This has led to reports containing little more than extensive generic commentary on risk, which generally covers those aspects already known to sophisticated investors. 

Anwer believes that information should be put more simply and its potential impact on investors assessed before it is shared.

‘Information should not just be there for information’s sake, it should only be shared when it makes sense to share it with others and you understand what value it would lead to,’ he says. ‘There has to be proper time spent by the board, by senior management and all the key stakeholders, on what should be reported and what the value is of reporting it.’  

He believes the regulators should also play a role in guiding and following up on the process of risk reporting.

Make it specific

To be relevant to investors, risk reports need to be practical and institution-specific, which requires a high level of board sponsorship.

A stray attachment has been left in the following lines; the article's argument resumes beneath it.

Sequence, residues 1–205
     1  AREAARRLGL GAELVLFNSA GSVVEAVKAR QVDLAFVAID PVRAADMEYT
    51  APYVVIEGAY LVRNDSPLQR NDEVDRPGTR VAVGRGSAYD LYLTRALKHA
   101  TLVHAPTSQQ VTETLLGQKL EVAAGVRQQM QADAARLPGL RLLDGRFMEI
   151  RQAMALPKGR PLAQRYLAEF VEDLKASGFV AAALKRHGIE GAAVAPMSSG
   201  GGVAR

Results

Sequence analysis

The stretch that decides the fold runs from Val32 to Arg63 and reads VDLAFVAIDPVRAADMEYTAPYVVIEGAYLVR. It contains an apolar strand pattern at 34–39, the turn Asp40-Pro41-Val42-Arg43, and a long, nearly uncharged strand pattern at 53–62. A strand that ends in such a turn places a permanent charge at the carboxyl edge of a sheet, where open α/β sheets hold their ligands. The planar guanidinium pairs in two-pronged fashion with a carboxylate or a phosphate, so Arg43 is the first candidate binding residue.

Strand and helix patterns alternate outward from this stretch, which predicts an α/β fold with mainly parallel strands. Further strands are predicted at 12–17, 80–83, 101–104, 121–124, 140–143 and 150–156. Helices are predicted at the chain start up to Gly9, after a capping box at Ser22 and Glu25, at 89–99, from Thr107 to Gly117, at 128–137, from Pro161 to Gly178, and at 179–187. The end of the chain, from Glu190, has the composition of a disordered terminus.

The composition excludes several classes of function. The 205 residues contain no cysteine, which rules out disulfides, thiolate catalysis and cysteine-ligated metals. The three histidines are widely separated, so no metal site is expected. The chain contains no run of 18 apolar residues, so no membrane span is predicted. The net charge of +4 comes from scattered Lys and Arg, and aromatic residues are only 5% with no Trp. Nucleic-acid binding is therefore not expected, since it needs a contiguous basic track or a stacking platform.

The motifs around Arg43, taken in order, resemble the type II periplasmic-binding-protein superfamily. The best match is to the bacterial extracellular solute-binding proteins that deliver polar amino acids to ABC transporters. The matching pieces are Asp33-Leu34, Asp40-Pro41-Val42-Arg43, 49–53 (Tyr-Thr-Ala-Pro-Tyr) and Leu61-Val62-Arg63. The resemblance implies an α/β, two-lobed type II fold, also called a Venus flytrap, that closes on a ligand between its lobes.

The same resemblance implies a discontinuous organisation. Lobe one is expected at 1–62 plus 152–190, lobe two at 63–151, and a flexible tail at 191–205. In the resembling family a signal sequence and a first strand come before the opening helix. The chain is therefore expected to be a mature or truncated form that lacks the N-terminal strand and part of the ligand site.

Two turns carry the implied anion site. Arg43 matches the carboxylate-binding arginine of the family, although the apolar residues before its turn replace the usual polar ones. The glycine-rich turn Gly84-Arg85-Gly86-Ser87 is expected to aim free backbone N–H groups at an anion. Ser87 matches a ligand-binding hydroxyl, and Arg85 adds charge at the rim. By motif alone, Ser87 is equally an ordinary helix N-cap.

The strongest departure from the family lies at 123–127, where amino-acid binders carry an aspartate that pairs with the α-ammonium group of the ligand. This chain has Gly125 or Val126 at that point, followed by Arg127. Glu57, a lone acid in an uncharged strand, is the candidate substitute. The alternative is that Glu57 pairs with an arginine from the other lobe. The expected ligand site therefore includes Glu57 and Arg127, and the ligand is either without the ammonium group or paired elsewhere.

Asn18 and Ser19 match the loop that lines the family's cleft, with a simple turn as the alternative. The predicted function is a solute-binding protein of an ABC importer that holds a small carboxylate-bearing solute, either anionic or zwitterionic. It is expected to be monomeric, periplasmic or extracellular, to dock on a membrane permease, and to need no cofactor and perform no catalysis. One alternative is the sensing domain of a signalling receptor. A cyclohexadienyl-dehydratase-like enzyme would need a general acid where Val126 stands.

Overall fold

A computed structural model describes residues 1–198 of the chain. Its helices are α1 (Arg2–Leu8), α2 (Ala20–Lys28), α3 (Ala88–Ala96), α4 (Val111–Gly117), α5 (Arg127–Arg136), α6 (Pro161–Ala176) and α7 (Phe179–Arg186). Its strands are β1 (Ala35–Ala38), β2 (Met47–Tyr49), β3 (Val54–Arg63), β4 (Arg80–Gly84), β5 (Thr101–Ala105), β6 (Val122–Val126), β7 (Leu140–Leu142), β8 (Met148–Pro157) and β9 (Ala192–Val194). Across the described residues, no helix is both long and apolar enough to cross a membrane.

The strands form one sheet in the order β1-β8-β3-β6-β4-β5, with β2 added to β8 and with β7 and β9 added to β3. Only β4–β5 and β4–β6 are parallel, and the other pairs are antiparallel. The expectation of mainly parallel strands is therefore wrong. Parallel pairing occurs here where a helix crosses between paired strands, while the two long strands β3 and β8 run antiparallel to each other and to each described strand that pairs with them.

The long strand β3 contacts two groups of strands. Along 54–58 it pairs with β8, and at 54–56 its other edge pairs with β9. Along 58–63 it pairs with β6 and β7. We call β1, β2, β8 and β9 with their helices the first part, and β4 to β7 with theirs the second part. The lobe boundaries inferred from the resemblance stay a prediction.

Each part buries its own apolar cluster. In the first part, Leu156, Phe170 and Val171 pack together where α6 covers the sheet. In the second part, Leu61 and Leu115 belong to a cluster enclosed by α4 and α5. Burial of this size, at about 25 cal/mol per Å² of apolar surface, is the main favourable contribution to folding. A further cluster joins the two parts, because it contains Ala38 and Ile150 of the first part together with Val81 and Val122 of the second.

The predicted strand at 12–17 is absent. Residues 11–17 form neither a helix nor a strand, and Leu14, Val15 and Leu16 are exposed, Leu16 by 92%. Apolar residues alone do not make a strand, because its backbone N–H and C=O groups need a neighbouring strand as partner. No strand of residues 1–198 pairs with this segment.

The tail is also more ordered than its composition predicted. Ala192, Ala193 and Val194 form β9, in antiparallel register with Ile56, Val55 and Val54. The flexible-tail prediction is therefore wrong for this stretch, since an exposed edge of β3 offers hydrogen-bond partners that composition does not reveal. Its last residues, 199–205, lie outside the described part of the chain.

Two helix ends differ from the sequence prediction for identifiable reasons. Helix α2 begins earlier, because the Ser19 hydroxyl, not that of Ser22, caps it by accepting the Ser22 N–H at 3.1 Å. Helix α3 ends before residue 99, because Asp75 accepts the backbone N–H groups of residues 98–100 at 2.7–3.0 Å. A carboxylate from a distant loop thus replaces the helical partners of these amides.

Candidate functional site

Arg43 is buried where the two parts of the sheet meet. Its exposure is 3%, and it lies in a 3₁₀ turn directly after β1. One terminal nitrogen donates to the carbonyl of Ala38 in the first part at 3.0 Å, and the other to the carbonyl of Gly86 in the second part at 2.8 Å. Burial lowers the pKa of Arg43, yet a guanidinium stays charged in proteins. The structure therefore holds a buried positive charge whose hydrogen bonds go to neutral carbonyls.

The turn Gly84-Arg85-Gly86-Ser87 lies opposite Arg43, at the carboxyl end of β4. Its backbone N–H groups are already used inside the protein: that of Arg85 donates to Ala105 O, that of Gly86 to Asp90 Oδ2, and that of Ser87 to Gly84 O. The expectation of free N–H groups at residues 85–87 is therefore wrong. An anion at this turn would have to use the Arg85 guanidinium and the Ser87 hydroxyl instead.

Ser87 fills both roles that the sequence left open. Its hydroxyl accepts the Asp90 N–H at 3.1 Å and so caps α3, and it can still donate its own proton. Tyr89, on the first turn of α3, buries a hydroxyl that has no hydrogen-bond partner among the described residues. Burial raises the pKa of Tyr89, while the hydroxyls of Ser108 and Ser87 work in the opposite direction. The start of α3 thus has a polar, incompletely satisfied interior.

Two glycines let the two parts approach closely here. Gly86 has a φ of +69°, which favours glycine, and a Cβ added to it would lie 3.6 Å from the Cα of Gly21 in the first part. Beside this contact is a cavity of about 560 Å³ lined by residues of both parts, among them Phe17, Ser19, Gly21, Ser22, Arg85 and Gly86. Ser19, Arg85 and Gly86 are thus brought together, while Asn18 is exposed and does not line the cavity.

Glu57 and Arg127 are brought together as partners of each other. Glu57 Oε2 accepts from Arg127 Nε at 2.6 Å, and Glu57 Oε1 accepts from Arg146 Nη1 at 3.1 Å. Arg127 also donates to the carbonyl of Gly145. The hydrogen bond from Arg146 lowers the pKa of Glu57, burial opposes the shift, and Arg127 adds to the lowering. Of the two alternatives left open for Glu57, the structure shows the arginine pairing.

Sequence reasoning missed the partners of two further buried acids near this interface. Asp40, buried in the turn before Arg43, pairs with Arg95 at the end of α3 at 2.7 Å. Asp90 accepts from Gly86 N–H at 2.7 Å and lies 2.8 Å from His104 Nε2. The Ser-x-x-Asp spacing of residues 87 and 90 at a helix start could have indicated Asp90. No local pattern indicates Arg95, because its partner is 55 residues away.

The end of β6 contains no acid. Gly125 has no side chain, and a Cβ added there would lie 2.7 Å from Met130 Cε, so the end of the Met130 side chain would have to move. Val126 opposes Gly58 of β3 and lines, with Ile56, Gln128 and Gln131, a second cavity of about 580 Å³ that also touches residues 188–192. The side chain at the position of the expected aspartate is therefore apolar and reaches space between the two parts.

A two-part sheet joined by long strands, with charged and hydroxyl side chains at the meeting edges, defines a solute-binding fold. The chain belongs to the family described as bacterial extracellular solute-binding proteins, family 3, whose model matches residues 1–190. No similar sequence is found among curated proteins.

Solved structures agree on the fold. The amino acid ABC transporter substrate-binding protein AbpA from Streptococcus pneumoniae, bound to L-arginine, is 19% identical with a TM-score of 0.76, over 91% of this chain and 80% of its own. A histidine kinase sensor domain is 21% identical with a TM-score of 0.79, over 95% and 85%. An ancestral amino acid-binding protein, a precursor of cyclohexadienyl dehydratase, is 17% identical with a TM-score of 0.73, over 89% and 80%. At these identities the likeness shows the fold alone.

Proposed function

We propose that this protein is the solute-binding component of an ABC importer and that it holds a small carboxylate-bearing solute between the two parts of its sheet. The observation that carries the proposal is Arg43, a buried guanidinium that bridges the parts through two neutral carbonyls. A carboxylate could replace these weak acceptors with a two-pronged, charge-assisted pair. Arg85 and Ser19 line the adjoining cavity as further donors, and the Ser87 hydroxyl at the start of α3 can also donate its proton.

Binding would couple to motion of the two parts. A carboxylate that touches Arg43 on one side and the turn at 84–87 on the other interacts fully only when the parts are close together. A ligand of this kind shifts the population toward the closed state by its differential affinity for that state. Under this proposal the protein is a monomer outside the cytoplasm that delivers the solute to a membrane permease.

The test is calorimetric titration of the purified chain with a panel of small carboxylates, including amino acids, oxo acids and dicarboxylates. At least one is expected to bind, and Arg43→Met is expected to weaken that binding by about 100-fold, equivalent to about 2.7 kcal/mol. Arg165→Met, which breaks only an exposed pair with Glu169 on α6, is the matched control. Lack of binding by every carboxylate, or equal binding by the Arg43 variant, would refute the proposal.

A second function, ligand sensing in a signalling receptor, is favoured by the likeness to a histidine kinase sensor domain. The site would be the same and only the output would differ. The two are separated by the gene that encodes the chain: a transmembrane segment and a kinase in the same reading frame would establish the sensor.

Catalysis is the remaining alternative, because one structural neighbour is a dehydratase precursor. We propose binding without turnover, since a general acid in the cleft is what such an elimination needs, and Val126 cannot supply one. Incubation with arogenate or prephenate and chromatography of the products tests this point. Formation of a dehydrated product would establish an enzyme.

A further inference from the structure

‘I think the importance attached to risk reporting should be far higher than it is currently,’ Anwer says. 

‘It’s simply a question of priorities for the boards.’

External auditors can add value here by helping boards identify what information can be shared that will actually raise awareness rather than simply listing what resources and systems the bank uses to manage risks. The external auditors also need to build their own capacity and move beyond a tickbox approach of simply recording what has or hasn’t been reported.

Report benchmarking is also important to allow investors to be able to compare organisations and to raise organisations’ own awareness of potentially valuable information on which they could be reporting.